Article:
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118 APPENDIX G 5. CREA, Inc. CRE CREA Inc. P.O. Box 2507 A Hartford, CT 06146-2507 TEL: 860.527.0455 FAX: 860.216.1072 e-mail: crea-inc@crea-inc.org Web site: www.crea-inc.org CREA Center for Reflection, Education and Action, Inc. May 1, 2009 Draft Criteria – with suggested revisions I. Establishing baseline information 1. How was the baseline information collected? 2. How did you measure reliability of the baseline data? 3. What was the geographic area for the baseline data? a. What is regional? b. National? c. Local? D. How recent was the data collection? E. Did the data collection distinguish between child labor and forced labor? F. Did the data collection distinguish by gender? II. What are the specific program goals? A. How were the goals established B. Are they measurable a. Quantitatively b. Qualitatively C. How often will progress on program goals be measured? D. By whom will the progress be measured? III. What are the specific program components? A. How were the components designed? B. How distinguishable were the separate components in terms of measurability? C. How are/were the effects of each component measured? IV. Relevance – at start of project A. Is there a set of assumptions about how activities will lead to outcomes? B. Do you understand why the program works?

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APPENDIX G 119 C. Is there a logical connection between the inputs, activities and expected outcomes? V. Consequences A. How are you distinguishing between impacts and consequences? B. What were the direct consequences of the program? C. What were the indirect consequences of the program? D. How did you measure the consequences? 1. Quantitatively? 2. Qualitatively? E. What were the unintended consequences of the program? F. What were the direct impacts of the program? G. What were the indirect impacts of the program? H. How did you measure the impacts? 1. Quantitatively 2. Qualitatively VI. Impact(s) A. Did the overall program reduce child labor? B. Did the overall program reduce forced labor? C. Did the program benefit child laborers? D. Did the program benefit forced laborers? E. What were these specific benefits? F. How were they documented? G. How were they measured? VII. Did the program achieve its goals? A. How was this determined 1. Qualitatively 2. Qualitatively B. Could the program sustain its goals over time? VIII. Relevance – at completion of project A. Were the starting assumptions about how activities would lead to outcomes met? B. Do you understand why the program worked? C. Is there a logical connection between the inputs, activities and expected outcomes? Can these be documented? IX. Sustainability A. Is the practice likely to continue (as needed)? Why or why not? B. Is the benefit likely to continue effectively? C Does the institutional capacity necessary to sustain the benefits and/or exist? D. Does the will to sustain these practices exist?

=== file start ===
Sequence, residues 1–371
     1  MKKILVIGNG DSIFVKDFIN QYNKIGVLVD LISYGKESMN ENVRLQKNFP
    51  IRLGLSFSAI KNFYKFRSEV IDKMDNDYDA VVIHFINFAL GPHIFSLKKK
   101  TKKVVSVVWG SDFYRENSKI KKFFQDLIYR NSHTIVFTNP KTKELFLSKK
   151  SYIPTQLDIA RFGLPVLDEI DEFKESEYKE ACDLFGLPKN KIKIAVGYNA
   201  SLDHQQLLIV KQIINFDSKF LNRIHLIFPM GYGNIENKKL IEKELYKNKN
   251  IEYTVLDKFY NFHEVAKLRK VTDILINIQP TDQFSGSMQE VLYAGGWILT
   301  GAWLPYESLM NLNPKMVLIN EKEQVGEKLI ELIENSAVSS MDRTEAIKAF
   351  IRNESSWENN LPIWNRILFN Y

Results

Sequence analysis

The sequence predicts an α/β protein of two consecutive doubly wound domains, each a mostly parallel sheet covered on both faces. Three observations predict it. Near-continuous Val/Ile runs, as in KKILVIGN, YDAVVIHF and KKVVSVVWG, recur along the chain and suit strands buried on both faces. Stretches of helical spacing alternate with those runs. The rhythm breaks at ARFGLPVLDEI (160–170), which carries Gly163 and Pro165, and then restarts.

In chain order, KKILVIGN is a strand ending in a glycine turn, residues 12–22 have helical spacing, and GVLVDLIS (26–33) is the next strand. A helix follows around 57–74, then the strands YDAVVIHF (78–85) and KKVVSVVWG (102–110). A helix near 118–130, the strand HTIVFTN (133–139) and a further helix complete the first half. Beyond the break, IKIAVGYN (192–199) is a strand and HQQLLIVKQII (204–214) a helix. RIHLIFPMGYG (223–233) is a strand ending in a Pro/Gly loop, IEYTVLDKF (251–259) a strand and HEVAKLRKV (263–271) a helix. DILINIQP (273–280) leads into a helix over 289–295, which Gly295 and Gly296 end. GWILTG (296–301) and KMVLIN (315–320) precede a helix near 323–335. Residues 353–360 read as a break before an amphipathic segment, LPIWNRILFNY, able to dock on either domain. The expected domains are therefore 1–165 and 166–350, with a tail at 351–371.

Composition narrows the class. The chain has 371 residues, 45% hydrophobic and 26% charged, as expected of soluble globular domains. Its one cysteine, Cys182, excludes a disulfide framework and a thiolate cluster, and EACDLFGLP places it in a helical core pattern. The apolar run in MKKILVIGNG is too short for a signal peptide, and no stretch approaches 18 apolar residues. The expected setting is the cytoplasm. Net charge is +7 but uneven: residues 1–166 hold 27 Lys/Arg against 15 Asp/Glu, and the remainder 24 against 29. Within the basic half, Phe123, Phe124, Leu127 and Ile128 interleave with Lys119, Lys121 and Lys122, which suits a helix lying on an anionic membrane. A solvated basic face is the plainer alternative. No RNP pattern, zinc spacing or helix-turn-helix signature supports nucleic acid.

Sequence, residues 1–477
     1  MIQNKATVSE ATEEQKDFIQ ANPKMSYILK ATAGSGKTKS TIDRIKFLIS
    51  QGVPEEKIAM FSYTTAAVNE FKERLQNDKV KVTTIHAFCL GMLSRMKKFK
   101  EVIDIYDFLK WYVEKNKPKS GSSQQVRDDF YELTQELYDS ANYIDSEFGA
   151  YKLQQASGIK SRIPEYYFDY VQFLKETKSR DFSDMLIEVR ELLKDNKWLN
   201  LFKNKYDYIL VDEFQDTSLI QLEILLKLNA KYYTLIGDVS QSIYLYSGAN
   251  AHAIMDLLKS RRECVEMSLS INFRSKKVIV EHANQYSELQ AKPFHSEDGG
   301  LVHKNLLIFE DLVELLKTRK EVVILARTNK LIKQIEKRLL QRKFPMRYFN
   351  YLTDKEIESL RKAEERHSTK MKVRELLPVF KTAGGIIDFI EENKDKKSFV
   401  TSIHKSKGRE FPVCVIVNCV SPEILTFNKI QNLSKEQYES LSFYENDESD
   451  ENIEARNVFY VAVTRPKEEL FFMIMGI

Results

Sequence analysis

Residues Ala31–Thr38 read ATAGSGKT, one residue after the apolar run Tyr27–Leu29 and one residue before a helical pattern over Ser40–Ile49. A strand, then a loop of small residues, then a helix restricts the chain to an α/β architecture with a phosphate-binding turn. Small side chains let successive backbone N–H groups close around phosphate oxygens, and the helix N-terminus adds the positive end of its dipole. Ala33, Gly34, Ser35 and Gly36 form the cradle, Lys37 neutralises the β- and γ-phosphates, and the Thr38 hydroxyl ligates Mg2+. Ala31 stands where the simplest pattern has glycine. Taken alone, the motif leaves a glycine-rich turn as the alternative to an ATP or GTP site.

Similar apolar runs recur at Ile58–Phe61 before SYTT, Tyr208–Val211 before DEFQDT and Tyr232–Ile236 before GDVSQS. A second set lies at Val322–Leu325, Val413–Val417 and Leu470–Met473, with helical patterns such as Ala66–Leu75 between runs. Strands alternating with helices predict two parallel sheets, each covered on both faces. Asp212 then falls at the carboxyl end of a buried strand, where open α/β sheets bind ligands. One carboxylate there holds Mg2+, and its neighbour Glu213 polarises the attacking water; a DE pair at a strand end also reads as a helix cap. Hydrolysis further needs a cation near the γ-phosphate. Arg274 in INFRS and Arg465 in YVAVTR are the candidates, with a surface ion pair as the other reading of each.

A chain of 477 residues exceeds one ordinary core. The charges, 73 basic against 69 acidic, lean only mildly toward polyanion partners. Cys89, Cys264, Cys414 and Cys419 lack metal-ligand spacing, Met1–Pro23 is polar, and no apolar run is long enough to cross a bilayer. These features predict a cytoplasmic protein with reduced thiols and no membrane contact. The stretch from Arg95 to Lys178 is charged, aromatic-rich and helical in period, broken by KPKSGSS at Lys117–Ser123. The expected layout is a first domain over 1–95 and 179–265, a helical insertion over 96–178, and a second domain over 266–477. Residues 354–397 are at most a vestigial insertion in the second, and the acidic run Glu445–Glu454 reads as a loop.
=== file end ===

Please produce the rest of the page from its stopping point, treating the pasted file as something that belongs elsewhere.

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120 APPENDIX G E. What is necessary for local ownership of the program or practices to continue? X. Replicability A. Could the practice be implemented with modest adaptation in other settings? B. What factors limit replicability? C. What factors encourage replicability? XI. Cost effectiveness A. How is cost effectiveness measured? B. Were the benefits sufficient to warrant the cost in terms of money and time? C. Were the benefits adequate in relation to likely benefits from comparable investments? D. How was cost effectiveness measured? E. Can the business case be made for the project or work as a means of encouraging others to do the same work?